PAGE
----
An American friend, who knows everything happening in Art Deco in Paris, mentioned this exhibition of paintings and furniture by Jeanne Malivel, 1895-1926, at Bibliothèque Forney and of course I rushed… She probably would have remained in the reserves if she had not been a woman, who died at 31, and a Bretonne on top of it. Mostly self taught and raised by a mother who was a feminist, she started with wood block prints made on a pice from the pear tree in her garden and a medical bistouri. She worked on stained glass, designed fabrics, painted large portraits and created furniture for her sister’s wedding. She had a passion for applied arts and promoted popular crafts and artisans. She produced china for Henriot in Quimper and created the octogonal geometrical plate which could still easily be sold today.
She was one of the founders with René-Yves Creston, in July 1923 in Locronan, of a movement called “Seiz Breur” (seven brothers) in breton, who entirely filled the salle de l’Osté at the International exhibition of decorative arts of 1925. These were determinant into publicizing Breton Art Deco between the two wars. She had studied drawing in Rennes with Louise Gicquel who took to Paris to Académie Julian where she painted large canvases. Her parents had a grocery store in Loudéac, south of Saint Brieuc, and supported her art so she was able to live alone in Paris as a student at a very young age. But she missed Brittany.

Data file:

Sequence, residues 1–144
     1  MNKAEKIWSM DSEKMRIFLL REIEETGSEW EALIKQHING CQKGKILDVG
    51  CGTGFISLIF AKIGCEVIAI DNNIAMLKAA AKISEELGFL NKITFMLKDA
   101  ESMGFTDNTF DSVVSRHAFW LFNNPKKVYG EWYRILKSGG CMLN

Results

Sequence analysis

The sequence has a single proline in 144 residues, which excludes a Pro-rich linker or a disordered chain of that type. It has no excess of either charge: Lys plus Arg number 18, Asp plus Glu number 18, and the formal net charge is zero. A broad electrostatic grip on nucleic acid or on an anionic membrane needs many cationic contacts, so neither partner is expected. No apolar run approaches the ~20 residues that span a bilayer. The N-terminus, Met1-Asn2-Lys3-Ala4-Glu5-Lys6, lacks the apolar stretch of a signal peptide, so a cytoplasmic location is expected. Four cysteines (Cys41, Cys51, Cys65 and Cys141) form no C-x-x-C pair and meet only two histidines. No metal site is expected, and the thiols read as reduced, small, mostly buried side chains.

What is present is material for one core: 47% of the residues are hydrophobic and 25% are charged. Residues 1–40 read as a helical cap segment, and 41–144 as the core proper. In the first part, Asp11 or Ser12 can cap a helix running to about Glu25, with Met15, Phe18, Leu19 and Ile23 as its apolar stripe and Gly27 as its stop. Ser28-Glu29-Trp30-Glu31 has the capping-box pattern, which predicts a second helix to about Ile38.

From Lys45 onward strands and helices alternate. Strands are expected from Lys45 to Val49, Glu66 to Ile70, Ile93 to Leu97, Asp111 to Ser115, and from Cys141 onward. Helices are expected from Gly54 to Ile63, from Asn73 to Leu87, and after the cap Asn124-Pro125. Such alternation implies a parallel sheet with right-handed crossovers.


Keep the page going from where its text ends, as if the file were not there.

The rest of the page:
One of ther striking works is the Descent from the Cross painted and engraved around 1922 and where a woman helps take down the body of Christ from the cross, a definitive feminist statement. Her parents were, as often in Brittany, practicing catholics and with the theme of nature and trees, religious scenes are common in her work. There are a few portraits including one of her brother Jean, of her sister Yvonne with a violin, some self portraits and very strong pencil and lavis drawings.
She was made famous by the publication of “Histoire de Notre Bretagne” written by Jeanne Coroller and published in Dinard in 1922, which she illustrated with a map of Brittany and seventy two prints. The publisher Camille Le Mercier was a friend of Guillaume Apollinaire and one of the founders of the Parti national Breton in 1911.
Until July 1, at Bibliothèque Forney, 1 rue du Figuier, 75004. Entrance is free.
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